28 February 2022
The Grocer: An Italian renaissance? Cooking sauces & meal kits category report 2022
It’s enough to make Mona Lisa grin from ear to ear. Ketchup giant Heinz has employed its artistry with tomatoes to makes its pasta sauce debut. Unveiled this month, the premium, seven-strong range is made in Italy and features variants such as Tomato Sauce for Bolognese and Tomato & Lentil Ragu. Its aim is to inspire a renaissance of Italian cooking in British homes.
Such a rebirth is urgently needed in Italian cooking sauce, the category’s largest sector by some distance. It’s down 9.2% in value. That’s a loss of £38.6m, with 10.7 million fewer packs having gone through the tills [Kantar 52 w/e 26 December 2021].
That decline isn’t a pretty picture – and it’s largely due to a return to pre-pandemic levels after a bumper 2020 of stockpiling and scratch cooking. Amateur cooks broadening their repertoires beyond classical Italian fare has further dampened sales.
So, as out-of-home dining bounces back and more Brits look to the likes of Mexico for culinary inspiration, can Heinz lead an Italian renaissance in cooking sauces? And what artful moves are suppliers making across the wider cooking sauces category to pull it out of its £63.4m slump [Kantar]?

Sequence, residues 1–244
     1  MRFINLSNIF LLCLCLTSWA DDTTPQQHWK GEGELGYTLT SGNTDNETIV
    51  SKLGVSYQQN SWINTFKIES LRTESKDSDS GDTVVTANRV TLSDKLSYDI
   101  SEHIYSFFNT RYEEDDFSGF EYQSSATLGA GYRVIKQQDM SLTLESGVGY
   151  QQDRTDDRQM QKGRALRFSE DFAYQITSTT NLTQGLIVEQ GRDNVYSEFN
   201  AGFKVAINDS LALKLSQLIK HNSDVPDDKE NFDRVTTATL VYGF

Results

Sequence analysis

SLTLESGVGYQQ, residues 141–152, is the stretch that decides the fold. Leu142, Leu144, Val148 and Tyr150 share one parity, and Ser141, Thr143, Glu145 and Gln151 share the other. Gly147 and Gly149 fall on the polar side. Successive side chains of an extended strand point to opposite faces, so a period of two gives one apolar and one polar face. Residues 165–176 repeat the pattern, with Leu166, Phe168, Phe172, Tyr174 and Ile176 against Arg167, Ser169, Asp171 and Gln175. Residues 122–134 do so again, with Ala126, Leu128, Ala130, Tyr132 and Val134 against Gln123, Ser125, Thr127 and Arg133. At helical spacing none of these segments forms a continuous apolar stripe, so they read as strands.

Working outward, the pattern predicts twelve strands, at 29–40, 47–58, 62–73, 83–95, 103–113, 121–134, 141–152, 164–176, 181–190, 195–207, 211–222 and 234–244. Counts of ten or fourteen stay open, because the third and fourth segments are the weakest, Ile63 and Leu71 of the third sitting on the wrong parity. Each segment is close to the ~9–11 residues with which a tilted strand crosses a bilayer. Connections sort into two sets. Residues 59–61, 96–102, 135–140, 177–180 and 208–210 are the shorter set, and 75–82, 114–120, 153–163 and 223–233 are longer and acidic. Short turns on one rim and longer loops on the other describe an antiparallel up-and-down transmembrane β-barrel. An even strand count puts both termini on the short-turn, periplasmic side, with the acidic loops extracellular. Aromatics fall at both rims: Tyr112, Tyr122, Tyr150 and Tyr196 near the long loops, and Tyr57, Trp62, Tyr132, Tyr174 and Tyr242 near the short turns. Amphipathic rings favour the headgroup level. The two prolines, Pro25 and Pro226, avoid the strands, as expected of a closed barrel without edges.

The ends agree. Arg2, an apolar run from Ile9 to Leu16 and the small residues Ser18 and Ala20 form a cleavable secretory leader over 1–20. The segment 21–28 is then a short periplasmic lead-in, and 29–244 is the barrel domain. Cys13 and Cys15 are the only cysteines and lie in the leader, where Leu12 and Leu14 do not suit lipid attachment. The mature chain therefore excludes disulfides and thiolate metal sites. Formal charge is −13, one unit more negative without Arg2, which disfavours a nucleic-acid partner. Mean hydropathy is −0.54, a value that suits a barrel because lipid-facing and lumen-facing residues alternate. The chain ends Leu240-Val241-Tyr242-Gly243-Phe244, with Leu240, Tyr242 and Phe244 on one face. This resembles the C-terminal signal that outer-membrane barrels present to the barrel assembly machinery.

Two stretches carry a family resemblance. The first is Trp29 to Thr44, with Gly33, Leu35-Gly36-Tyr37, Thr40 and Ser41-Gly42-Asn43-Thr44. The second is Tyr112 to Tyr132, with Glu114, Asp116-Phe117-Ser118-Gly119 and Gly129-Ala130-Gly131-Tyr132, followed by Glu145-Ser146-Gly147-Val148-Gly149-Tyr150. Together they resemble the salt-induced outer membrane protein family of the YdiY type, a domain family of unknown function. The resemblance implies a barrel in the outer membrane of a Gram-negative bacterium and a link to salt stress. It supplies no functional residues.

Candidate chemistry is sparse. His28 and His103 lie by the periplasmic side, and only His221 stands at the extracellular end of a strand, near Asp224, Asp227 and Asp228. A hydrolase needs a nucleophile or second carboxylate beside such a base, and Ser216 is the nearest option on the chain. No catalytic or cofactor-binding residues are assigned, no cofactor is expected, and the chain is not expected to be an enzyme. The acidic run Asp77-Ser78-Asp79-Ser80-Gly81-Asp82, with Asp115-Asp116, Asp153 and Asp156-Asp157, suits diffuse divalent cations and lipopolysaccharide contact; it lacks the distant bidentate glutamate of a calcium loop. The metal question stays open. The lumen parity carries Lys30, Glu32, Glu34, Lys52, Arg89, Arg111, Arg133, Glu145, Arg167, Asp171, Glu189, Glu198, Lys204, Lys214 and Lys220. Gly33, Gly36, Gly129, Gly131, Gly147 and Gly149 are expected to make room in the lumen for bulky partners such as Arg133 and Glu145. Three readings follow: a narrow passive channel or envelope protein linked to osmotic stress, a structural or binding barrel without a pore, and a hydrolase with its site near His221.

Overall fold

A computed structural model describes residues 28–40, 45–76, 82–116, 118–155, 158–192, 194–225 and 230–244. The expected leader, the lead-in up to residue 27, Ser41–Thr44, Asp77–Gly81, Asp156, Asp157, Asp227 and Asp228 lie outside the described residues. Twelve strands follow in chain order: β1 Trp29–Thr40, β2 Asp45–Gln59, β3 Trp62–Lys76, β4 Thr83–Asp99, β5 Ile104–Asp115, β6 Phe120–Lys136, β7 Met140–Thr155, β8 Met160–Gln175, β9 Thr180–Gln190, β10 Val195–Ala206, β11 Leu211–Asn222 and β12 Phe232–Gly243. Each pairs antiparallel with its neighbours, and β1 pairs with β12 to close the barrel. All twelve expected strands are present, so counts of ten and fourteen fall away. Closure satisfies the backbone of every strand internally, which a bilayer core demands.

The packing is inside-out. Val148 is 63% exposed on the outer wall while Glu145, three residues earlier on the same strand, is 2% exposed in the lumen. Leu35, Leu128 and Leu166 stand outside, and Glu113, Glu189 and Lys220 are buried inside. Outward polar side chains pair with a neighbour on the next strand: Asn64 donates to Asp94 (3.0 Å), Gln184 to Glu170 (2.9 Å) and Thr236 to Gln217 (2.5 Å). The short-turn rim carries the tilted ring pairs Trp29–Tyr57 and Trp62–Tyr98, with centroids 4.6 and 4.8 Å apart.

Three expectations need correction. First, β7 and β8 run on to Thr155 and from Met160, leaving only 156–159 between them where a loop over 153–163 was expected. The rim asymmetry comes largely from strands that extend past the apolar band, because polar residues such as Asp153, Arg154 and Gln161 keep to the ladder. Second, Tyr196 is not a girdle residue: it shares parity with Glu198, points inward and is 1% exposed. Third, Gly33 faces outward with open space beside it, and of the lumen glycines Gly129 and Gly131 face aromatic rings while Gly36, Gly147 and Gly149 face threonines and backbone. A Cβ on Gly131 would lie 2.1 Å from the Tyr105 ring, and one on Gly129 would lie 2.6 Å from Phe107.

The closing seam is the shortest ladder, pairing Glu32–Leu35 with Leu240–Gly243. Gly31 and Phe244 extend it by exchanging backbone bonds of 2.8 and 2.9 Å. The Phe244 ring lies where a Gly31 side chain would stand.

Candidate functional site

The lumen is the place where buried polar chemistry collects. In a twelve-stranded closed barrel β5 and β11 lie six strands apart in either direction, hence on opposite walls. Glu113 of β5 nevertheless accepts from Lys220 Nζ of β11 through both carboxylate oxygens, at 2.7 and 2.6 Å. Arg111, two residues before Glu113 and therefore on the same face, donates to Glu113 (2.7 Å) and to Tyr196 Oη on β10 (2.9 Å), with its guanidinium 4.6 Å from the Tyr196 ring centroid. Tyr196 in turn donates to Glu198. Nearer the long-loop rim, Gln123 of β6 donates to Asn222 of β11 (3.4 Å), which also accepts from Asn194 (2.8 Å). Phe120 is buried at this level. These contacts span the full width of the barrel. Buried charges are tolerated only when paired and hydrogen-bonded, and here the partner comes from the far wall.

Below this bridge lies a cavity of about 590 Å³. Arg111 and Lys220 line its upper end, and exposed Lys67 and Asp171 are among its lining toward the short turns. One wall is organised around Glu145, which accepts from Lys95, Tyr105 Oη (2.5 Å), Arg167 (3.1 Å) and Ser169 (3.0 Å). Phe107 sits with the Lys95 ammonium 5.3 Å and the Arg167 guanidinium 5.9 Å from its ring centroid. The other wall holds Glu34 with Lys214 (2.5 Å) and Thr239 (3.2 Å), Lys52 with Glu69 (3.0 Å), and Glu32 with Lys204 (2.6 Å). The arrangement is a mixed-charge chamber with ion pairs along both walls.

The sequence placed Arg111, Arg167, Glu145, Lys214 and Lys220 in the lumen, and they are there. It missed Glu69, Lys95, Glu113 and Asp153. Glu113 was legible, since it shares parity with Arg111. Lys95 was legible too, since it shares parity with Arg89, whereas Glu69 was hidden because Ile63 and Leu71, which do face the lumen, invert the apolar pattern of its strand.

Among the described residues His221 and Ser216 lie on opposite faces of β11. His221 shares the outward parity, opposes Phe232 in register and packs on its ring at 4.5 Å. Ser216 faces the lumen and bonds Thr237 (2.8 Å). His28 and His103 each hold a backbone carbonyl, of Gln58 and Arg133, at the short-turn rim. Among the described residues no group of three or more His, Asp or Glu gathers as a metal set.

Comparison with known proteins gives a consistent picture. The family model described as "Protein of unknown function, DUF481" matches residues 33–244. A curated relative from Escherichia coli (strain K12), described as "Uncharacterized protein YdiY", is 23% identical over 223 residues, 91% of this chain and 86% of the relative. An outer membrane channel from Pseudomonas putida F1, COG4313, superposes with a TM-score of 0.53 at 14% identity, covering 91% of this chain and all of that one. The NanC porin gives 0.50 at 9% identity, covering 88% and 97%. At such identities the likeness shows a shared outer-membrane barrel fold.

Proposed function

Heinz’s offering is on trend in many ways. For starters, it’s keen to position itself as a healthier option, with the range containing no added sugar and providing one of the 5 a day per serving.
It follows a spate of better-for-you Italian cooking sauce launches – including one by market leader Dolmio in September. Dolmio 7 Vegetables, which is “full of seven different varieties of delicious veg”, provides two of the 5 a day per serving. The range takes aim at the growing consumer appetite for “adding the kind of things that are good for us: more fruits and vegetables, more whole grain, more fibre” says Maria Kabalyk, category lead at Mars Food.
Sauces with health credentials are becoming “more of an expectation” among shoppers, she adds. “People generally don’t want to change the meals they have. So, they still love pasta; they just want to make sure these things are healthier.”
On this premise, Premier Foods last summer added a duo of No Added Sugar lasagne sauce, Tomato and White, to its Loyd Grossman brand, with the latter also containing 30% less fat than its standard counterpart. The launch was designed to “help retailers meet increased demand for products that cater to health and lifestyle choices” said Premier at the time.
“It’s now about adding things that are good for us – more fruits and veg, whole grain, fibre”